2018 Warren County Program Impact Report

Approved: March 6, 2019

I. Executive Summary

Healthy Eating, Physical Activity, and Chronic Disease Reduction
Obesity, which seems to be the umbrella to many preventable chronic diseases remains one of the most significant epidemics, our country has faced, contributing to millions of preventable illness and billions of dollars in avoidable healthcare costs. Improving nutrition and increasing activity in early childhood could lead to adults making healthier choices which in turn leads to families eating healthier meals.

As an avenue mechanism to decrease obesity, North Carolina Cooperative Extension, Warren County planned and implemented home food preservation workshops to healthy eating by showing participants how to preserve foods that would otherwise be thrown away due to spoilage. This also gives participants ideas as to how they can increase their healthy eating habits by snacking on dehydrated fruits and vegetables instead of chips, candy, and other low nutrient snacks.

Through the Expanded Foods and Nutrition Education Program, 65 families enrolled in the program while 350 youth participated in the 4-H EFNEP program. Data indicates that 99% improved dietary intake, 97% practice daily physical activities, 94% practice better food resource management and 94% improved food safety.

Warren County Schools continues to collaborate in combatting obesity through healthy lifestyles initiatives. During 2018, collaboratively NC Cooperative Extension, Warren County implemented four different healthy initiatives: FoodCorps, Steps to Health, Investigating Health and Color Me Healthy. Overall, we served four elementary schools and reached approximately 900 students. The program was designed to implement eight or more hands-on lessons and a variety of taste tastings. As a result of the program, school administrators and educators indicated students increase in healthy food choices, i.e. vegetables and fruits.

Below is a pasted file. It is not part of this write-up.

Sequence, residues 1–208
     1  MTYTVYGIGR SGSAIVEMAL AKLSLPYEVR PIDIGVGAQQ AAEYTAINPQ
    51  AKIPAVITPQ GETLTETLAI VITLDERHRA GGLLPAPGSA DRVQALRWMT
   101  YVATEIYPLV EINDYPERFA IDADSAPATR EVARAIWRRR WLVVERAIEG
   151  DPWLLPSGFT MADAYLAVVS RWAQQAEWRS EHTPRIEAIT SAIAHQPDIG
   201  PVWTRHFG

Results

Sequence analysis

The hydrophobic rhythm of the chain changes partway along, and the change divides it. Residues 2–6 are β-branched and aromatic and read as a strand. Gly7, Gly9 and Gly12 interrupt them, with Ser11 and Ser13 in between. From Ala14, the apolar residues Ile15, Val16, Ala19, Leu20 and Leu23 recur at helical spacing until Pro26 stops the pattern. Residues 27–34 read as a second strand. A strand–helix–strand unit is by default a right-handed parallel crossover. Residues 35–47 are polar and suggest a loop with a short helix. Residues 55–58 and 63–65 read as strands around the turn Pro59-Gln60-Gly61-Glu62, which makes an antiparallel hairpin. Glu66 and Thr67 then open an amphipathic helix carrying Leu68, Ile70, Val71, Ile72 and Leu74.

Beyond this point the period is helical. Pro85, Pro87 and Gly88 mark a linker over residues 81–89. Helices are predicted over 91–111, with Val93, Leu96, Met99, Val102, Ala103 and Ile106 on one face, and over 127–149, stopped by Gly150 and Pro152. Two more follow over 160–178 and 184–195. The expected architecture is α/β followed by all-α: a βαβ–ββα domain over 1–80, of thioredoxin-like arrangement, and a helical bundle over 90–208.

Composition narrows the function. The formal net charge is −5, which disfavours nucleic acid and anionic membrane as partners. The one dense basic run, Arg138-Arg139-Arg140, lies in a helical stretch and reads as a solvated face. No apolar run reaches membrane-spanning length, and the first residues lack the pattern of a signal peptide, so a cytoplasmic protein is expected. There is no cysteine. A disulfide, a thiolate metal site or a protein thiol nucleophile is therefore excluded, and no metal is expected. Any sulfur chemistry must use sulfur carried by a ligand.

As a result of implementing and evaluating Eat Smart, Move More, Take Control and Cooking Matters, 38 adults increased their fruits and vegetable intake, while 90% of the participants reported cooking food for dinner 5 days a week and 95% reported increasing knowledge on preparing healthier dishes.

Local Foods
Data from the USDA Census of Agriculture, as well as anecdotal reports from local farmers, shows that traditional agricultural enterprises such as tobacco and soybeans are becoming less profitable. Meanwhile, small farm enterprises such as agritourism and fruit production are increasing in Warren County, although these are typically new farmers with limited prior experience. These small farms can play a key role in preserving the County's agricultural economic capacity for the future, although their lack of experience is a major hindrance to success.